2020–2021 BCSC Basic and Clinical Science Course™
6 Pediatric Ophthalmology and Strabismus
Part II: Pediatric Ophthalmology
Chapter 15: Growth and Development of the Eye
Normal Growth and Development
The rectus muscles of infants are smaller than those of adults; muscle insertions, on average, are 2.3–3.0 mm narrower, and the tendons are thinner in infants than in adults. In newborns, the distance from the rectus muscle insertion to the limbus is roughly 2 mm less than that in adults; by age 6 months, this distance is 1 mm less; and at 20 months, it is similar to that in adults.
Extraocular muscle function continues to develop after birth. Eye movements driven by the vestibular-ocular system are present as early as 34 weeks’ gestational age. Conjugate horizontal gaze is present at birth, but vertical gaze may not be fully functional until 6 months of age. Intermittent strabismus occurs in approximately two-thirds of young infants but resolves in most by 2–3 months of age. Accommodation and fusional convergence are usually present by age 3 months.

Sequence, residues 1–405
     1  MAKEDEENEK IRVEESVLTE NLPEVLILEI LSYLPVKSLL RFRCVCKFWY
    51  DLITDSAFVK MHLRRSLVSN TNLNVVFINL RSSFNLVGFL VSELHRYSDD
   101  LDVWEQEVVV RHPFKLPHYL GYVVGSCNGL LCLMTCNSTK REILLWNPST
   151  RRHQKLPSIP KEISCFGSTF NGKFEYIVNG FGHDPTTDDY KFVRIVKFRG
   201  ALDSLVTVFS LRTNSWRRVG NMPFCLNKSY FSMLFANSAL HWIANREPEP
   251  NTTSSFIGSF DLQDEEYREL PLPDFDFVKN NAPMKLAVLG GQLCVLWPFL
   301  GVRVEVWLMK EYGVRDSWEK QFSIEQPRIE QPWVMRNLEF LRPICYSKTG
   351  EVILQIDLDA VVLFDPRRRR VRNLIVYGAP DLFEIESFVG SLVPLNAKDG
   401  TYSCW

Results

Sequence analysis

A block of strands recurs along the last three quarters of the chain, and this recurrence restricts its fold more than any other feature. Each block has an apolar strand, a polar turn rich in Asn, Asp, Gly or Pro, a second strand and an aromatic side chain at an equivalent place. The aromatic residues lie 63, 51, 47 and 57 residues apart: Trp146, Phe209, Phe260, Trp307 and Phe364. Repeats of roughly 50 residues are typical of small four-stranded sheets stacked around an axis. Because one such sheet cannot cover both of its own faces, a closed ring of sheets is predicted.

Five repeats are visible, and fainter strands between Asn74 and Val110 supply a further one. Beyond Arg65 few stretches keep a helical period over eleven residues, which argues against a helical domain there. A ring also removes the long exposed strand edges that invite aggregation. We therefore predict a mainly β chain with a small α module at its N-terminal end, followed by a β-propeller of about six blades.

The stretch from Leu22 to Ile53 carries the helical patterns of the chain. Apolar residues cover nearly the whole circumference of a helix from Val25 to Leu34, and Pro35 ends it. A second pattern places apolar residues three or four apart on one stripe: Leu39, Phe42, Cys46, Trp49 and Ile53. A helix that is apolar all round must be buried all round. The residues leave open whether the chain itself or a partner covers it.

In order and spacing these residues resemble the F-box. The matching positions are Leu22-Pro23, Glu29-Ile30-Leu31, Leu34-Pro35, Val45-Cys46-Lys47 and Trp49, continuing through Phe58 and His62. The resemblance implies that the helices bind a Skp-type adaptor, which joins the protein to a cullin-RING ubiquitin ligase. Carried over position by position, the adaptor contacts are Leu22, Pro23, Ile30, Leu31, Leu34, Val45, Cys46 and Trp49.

Excerpted from BCSC 2020-2021 series: Section 10 - Glaucoma. For more information and to purchase the entire series, please visit https://www.aao.org/bcsc.